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Filed under Book Reviews, Crochet News, Crochet Techniques

About My Crochet Work…


I decided to post this piece from my website to my blog:

“That’s that new-fangled yarn!” “You can’t see your stitches!” These are the phrases both my grandmothers have used to describe the micro-fibers and unusual yarns, from around the world, that I specialize in. I grinned of course, and replied right back, “But Grandma, if you really know how to crochet, you don’t need to see your stitches!” Lol! Well they had no argument there. But no matter – as far as they were concerned, too much time, to difficult to use and too different. Fine for me to use it, but even as seasoned crochet masters they would NOT.

It’s true. When I teach crochet, I never recommend what my grandmothers call “that new-fangled yarn!” It’s NOT very forgiving at all. And if you’re new to hooking (or knitting), it just is not the yarn to learn on. Mis-stitch and you’ll likely scrap the lot, if you’re not well skilled at handling a multitude of yarns and textures.

However, “That 70’s Yarn” as I call it, is the perfect learning yarn. As grandmother pointed out, you can easily see your stitches in “That 70’s Yarn.” It’s perfect for learning tension, stitch consistency and gauge. Practice makes perfect and “That 70’s Type Yarn” is the best to practice with. But for all practicality and end product use, I don’t like it for much else. Great for making spider webs and anything requiring a lot of structure and even durability in the rain!  But not great for the skin.

Super el-cheap-o “one pounder” yarn is far from what I ever use in my products for men or women. (Except, as I said, for spider webs.) And I refuse to use anything scratchy against the skin, even if it is “natural.” If it’s going to be against your skin, as a purse, blanket or article of clothing, it should be SOFT! No compromises! No passing scratchy stuff off as acceptable just because “it’s natural.” This is such an issue to me that when it comes to hats, I look at it this way: It should be soft enough against the skin to be comfortable to anyone going through chemotherapy. Think about it – when you’ve had hair and then suddenly don’t, your skin can be extremely sensitive to what you wear!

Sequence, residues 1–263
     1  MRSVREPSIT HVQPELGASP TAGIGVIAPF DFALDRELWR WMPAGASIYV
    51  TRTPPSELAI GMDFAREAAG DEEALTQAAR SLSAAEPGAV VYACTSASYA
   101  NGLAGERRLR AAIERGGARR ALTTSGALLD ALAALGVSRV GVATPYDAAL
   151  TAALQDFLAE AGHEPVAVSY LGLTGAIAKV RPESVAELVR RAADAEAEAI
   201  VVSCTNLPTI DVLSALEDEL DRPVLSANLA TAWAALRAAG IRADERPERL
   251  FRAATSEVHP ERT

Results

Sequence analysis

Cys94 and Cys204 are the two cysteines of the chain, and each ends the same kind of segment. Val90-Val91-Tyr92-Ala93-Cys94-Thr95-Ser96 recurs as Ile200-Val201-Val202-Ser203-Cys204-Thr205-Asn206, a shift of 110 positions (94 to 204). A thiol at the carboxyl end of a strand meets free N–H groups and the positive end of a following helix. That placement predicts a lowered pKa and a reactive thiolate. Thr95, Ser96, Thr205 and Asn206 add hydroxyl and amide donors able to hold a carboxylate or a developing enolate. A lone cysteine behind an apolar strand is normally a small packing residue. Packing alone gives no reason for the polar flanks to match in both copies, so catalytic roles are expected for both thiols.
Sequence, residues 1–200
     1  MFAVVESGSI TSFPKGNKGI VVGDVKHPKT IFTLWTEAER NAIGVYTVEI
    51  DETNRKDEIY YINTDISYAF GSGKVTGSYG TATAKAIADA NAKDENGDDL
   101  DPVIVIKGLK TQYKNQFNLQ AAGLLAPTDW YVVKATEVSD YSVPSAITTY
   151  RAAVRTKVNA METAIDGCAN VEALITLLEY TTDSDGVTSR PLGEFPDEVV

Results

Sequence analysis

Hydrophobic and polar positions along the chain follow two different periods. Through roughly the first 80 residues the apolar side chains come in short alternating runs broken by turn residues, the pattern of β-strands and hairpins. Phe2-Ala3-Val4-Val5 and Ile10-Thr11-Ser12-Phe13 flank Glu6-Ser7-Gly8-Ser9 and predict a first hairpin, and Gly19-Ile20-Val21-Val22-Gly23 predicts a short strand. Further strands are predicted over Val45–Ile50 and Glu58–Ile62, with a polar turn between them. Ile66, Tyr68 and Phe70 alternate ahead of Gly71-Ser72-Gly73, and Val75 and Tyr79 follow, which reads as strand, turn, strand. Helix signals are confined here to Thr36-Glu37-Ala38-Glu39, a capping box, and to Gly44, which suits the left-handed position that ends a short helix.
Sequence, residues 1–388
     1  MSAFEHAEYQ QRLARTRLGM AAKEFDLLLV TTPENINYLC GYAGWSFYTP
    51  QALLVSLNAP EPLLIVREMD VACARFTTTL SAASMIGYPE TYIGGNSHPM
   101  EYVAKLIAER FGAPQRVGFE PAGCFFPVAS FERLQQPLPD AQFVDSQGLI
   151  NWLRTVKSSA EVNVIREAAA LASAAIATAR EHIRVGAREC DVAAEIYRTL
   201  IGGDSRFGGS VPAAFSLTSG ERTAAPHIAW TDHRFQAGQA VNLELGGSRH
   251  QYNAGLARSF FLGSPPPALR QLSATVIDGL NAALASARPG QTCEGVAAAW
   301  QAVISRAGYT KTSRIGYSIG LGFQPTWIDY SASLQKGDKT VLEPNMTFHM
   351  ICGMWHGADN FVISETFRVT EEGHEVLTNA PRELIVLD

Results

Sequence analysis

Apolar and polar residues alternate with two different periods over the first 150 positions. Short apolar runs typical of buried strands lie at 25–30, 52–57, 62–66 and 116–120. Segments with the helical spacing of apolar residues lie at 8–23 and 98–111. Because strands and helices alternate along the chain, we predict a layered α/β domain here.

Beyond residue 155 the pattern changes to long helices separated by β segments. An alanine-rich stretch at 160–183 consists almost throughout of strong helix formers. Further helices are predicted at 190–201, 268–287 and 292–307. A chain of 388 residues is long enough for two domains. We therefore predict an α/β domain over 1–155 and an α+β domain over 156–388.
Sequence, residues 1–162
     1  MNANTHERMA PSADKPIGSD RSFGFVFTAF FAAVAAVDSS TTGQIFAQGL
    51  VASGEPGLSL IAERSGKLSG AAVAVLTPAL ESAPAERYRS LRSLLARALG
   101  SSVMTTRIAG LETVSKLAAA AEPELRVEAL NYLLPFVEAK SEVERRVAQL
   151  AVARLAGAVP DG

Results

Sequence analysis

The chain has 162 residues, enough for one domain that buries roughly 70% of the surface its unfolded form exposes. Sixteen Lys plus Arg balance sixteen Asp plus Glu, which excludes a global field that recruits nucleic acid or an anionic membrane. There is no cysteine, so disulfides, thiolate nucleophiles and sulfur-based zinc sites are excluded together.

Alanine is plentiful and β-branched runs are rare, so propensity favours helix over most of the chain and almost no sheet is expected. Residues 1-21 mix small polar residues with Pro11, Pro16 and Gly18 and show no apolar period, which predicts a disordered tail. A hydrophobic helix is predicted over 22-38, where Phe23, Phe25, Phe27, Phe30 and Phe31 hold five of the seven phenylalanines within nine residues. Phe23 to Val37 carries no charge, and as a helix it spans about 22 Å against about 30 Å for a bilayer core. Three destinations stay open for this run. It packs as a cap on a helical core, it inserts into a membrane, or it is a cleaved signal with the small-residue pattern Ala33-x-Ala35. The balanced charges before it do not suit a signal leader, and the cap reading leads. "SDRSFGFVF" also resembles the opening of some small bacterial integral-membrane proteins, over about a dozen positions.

Crochet got a negative rep from 60’s and 70’s negative memories of crocheted vases and painful clothing some of us were forced to wear, along with a variety of marketing techniques targeted at various audiences. There are still people who hear the word “crochet” and the only thing they can visualize is unfortunately a very limited slice of the whole art! Not anymore! It’s my goal to help “make the case” for crochet and it’s potential to make a high quality and lovelier piece of work.  As well as promoting crochet as ART itself. Much of that funky yarn that traditionalists hate I love. If it’s not soft against the skin, I don’t use it against the skin. Which also means my tastes tend to be higher quality and more expensive.  I am admittedly, a yarn/(don’t forget chocolate)/crochet/hook SNOB.  All in good humor!

So, before you look and wonder, the proof of the difference is in the touch.
I dare you!

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Filed under Artist Information & Notes, Uncategorized